As a way of dying, then, being wiped out in the flash of a nuclear explosion is a lot better than many.  But there are also psychological and religious benefits.  One of the problems with death, particularly in Western culture, is that it is entirely banal.  It is akin to leaving a party when it is in full-swing.  Nuclear holocaust dispenses with the sense that we are missing out on the rest of the party precisely because when we go, we all go together.

What happens next depends upon whose religious views are correct.  If the atheists are right, then what follows is sweet oblivion.  Nothingness, with no “I” present to experience it.  And since I am not particularly bothered or upset by the billions of years of non-existence that went on prior to my birth, there is no reason why I should be any more bothered by the billions of years of non-existence to follow.

If, on the other hand, the Abrahamic religions are correct, then surely a nuclear holocaust marks the culmination of the “end days” after which we all go off to live in eternal paradise.  Let’s face it, this sounds like a much better deal than the endless grind in bullshit jobs paying inadequate wages that almost all of even the most privileged Western humans are forced to endure.  This, perhaps, is why so many young Islamists are attracted by the idea of the Jihad and the prospect of instant access to heaven.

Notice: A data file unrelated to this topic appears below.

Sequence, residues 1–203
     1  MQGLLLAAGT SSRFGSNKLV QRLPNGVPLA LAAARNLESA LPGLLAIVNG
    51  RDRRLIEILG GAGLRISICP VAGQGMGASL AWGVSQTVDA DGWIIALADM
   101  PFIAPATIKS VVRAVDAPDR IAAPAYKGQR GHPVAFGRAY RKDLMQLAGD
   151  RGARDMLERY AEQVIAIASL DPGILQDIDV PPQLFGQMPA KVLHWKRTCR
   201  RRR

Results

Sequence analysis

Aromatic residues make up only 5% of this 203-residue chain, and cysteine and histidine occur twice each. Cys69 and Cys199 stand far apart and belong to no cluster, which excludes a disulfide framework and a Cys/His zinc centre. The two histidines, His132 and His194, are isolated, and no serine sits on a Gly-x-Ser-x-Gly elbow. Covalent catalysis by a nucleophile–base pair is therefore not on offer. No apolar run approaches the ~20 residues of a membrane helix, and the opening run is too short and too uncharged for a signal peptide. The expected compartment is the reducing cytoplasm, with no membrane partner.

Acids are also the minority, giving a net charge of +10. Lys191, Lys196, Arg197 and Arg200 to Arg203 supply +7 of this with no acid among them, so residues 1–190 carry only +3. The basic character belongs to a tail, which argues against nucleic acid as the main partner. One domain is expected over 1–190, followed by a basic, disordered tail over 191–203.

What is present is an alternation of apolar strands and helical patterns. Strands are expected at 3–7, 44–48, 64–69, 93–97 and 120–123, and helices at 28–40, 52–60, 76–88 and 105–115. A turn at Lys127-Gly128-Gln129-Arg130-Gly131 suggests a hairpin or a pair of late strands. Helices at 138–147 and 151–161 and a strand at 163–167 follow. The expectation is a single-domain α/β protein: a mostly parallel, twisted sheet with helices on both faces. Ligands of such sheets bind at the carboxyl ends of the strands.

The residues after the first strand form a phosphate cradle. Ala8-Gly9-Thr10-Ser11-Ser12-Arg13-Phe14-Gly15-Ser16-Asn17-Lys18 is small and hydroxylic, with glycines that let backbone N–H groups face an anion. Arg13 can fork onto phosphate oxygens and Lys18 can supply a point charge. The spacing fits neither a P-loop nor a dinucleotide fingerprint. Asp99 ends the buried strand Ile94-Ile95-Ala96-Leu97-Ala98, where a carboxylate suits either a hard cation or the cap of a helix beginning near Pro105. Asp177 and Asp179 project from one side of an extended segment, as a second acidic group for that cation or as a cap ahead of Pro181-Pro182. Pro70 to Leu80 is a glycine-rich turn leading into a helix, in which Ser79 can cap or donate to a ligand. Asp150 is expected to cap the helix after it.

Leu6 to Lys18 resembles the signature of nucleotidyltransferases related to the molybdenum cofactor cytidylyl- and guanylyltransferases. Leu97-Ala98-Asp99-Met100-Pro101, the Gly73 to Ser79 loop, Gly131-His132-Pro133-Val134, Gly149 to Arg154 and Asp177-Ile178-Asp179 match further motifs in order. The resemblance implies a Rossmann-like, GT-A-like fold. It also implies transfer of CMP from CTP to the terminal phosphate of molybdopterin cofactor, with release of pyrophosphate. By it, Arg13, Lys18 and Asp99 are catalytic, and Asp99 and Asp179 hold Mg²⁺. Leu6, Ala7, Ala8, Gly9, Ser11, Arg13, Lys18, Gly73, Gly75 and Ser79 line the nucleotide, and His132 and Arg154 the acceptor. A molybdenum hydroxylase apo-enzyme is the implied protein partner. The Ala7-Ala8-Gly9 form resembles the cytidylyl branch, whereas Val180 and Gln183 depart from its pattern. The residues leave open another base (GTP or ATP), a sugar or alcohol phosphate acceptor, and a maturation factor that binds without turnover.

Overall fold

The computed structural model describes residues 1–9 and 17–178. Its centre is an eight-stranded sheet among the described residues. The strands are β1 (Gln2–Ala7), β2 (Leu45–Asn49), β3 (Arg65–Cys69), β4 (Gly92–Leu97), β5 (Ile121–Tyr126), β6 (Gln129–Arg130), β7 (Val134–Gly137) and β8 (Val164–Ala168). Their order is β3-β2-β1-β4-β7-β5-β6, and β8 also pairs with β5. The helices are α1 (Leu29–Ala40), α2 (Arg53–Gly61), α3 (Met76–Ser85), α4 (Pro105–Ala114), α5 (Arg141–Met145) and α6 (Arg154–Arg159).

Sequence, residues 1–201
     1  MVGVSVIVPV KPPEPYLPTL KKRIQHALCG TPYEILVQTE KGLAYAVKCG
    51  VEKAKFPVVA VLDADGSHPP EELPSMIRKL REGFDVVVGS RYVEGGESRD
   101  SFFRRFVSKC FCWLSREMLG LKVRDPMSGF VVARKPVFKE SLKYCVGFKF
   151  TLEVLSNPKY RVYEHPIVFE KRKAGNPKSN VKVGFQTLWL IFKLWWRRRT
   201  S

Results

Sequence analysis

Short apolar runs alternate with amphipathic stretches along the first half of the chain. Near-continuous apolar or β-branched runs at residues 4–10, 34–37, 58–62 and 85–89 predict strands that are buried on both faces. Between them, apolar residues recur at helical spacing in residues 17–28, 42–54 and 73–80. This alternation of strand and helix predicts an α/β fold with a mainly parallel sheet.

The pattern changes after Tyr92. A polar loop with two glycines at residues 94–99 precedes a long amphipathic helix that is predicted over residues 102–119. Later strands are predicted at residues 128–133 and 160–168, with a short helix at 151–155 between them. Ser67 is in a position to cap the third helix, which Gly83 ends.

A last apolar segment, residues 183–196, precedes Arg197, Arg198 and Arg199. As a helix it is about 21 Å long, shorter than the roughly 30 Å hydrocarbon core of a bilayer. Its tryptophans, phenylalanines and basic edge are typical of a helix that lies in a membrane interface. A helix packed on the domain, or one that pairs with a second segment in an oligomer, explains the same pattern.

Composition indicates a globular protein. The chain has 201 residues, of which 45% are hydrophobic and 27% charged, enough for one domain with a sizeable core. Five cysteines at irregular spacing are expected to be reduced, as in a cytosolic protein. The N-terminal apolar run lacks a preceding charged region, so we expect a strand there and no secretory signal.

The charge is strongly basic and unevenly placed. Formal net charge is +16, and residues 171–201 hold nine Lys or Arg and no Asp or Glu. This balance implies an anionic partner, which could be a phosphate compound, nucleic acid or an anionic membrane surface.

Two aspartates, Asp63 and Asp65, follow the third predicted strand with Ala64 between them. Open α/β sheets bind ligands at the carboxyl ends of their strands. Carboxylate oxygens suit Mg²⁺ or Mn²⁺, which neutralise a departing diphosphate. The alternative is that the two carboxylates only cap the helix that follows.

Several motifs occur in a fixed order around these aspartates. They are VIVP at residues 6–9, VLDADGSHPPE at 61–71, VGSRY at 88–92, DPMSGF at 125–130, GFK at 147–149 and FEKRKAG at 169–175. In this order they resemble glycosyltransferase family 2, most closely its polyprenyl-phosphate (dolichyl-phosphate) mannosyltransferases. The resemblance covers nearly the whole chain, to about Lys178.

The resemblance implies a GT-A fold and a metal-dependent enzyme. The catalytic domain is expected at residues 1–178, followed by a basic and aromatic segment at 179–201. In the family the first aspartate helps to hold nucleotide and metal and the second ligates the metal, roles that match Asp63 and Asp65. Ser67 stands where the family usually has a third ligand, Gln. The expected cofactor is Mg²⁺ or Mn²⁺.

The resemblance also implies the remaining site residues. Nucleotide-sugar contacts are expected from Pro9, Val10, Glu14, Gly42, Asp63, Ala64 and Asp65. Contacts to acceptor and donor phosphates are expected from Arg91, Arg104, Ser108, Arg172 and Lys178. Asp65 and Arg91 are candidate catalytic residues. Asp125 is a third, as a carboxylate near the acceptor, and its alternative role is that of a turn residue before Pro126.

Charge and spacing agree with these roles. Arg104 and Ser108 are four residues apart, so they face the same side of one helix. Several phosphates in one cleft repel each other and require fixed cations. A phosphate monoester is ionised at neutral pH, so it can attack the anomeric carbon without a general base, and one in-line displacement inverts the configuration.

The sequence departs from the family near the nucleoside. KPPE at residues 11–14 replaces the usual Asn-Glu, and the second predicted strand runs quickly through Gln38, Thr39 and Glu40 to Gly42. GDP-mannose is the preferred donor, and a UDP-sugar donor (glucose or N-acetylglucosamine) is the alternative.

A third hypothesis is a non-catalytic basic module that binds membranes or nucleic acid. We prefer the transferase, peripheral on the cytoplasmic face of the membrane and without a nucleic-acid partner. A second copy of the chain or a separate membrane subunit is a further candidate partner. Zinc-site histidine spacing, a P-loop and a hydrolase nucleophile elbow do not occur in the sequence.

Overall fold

Nuclear holocaust is even more attractive if eastern religions like Buddhism and Hinduism prove to be correct.  In the eternal cycle of death and rebirth, the prospect of returning next time even as a mammal is startlingly low.  The odds are that you will be reincarnated as some variant of the gut flora that live within the digestive tract of some other creature.  Returning as a human is statistically unlikely.  But even if you did return as a human, the odds are that you will live a short and brutal existence in some third world hellhole.  To be born to an affluent middle class Western family would be a stroke of luck greater than winning the lottery jackpot every week for an entire year.  And even if you were so fortunate, you would – presumably lacking any awareness of your past life – have to endure school yard bullying, ritual humiliation and dysfunctional parenting of a kind that has produced generations of English ladies and gentlemen down the ages.  After which you can look forward to years spent metaphorically brown nosing your way up the greasy pole to your inevitable divorce and mid-life crisis.  Nuclear war would put an end to this horror show once and for good; since no more life presumably means no more reincarnation.